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Fluid detector

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Publication number
US4644354A
US4644354A US06747843 US74784385A US4644354A US 4644354 A US4644354 A US 4644354A US 06747843 US06747843 US 06747843 US 74784385 A US74784385 A US 74784385A US 4644354 A US4644354 A US 4644354A
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output
signal
polar
connected
liquid
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Expired - Fee Related
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US06747843
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Roy E. Kidd
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Emerson Electric Co
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Emhart Industries Inc
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    • GPHYSICS
    • G01MEASURING; TESTING
    • G01MTESTING STATIC OR DYNAMIC BALANCE OF MACHINES OR STRUCTURES; TESTING STRUCTURES OR APPARATUS NOT OTHERWISE PROVIDED FOR
    • G01M3/00Investigating fluid-tightness of structures
    • G01M3/02Investigating fluid-tightness of structures by using fluid or vacuum
    • G01M3/04Investigating fluid-tightness of structures by using fluid or vacuum by detecting the presence of fluid at the leakage point
    • G01M3/16Investigating fluid-tightness of structures by using fluid or vacuum by detecting the presence of fluid at the leakage point using electric detection means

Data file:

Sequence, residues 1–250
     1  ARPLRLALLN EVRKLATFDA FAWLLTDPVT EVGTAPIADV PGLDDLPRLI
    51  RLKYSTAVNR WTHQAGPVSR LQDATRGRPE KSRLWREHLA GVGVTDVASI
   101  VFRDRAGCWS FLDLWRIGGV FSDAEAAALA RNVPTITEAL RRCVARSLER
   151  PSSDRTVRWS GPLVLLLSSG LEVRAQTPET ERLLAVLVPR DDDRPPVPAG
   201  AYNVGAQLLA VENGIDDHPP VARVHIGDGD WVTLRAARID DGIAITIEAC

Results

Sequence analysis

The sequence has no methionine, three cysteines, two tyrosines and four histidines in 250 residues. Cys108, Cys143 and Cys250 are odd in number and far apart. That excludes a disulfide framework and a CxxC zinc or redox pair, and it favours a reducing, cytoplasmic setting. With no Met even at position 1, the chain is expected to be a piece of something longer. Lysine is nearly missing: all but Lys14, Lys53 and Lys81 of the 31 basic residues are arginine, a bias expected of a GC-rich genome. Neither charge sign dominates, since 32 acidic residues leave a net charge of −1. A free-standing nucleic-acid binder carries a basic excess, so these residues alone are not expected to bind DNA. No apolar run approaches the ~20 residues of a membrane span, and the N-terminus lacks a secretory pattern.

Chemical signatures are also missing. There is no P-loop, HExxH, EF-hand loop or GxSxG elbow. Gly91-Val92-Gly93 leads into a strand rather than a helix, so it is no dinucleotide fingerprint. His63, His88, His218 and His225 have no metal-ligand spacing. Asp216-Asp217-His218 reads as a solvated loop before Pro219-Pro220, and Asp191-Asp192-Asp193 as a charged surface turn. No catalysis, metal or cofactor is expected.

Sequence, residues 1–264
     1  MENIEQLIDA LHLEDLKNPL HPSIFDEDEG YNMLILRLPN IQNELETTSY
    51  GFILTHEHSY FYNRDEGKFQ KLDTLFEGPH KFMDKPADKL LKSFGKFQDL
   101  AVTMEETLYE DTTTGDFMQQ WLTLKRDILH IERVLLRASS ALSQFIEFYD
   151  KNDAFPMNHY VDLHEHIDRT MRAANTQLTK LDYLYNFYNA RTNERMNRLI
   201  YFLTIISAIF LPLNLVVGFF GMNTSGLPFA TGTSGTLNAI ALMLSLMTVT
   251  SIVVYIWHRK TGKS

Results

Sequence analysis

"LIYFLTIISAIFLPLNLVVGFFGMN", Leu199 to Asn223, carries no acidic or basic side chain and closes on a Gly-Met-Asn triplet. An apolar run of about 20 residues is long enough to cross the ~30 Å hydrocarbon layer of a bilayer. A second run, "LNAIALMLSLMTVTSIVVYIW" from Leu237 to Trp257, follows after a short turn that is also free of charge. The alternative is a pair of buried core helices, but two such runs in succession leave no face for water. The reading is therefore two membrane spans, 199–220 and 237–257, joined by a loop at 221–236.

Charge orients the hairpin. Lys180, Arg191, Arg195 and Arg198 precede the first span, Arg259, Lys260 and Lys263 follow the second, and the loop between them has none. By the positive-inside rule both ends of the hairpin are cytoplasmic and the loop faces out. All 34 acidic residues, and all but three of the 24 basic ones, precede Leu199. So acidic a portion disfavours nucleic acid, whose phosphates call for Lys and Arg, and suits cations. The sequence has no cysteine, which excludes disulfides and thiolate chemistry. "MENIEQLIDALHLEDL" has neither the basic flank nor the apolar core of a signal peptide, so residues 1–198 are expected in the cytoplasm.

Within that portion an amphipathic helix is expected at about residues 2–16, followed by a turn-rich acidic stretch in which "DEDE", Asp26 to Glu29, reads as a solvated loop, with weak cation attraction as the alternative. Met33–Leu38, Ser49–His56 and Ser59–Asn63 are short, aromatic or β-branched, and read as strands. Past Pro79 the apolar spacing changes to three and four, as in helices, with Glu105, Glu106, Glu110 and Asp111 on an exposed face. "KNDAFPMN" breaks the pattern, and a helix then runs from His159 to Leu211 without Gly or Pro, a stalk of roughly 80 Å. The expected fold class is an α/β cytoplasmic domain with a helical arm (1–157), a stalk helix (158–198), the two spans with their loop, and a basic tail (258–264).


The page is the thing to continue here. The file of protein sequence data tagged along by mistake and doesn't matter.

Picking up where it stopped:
Abstract

A system for detecting fluid pollutants includes probes for sensing the presence of a polar liquid, a non-polar liquid, and a dry condition, and for producing a polar liquid signal, a non-polar liquid signal, and a dry condition signal. A reference circuit which includes a tunable element, such as a variable resistor, is used to set the probe output signals to a predetermined voltage value: e.g. a 1-volt value indicates a polar liquid, a 2-volt value indicates a non-polar liquid, a 3-volt value indicates a dry state, and a 5-volt value indicates that the circuit is on and operating. The output signals are multiplexed and output on a single output line. The definitive signal levels and the serial output mode permit an inexpensive single channel recorder to be used to provide a permanent and complete record of the probe status.

Description

BACKGROUND OF THE INVENTION

1. Field of the Invention.

The invention, in general, relates to devices for detecting the presence of fluids, such as leaking pollutants, and more particularly, a detector which provides an output that can produce complete status records using relatively inexpensive recording devices.

2. Description of the Prior Art.

Contamination of the environment, such as ground water, by various liquid pollutants, such as gasoline, has become a significant problem in recent years and a number of practical devices for detecting pollutants have been developed. See for example, U.S. Pat. No. 4,116,045 on an invention of Bronson M. Potter and U.S. Pat. No. 4,221,125 on an invention of John N. Oliver and Louis M. Sandler. Recording of the output of such detectors has been found to be useful for controlling pollution and, in some cases, has been made necessary by law. Since in some industries and businesses the sources of pollutants can be multitudious, it would be highly desirable that fluids detectors for the sensing of pollutants provide a output that can be utilized by relatively inexpensive recording devices.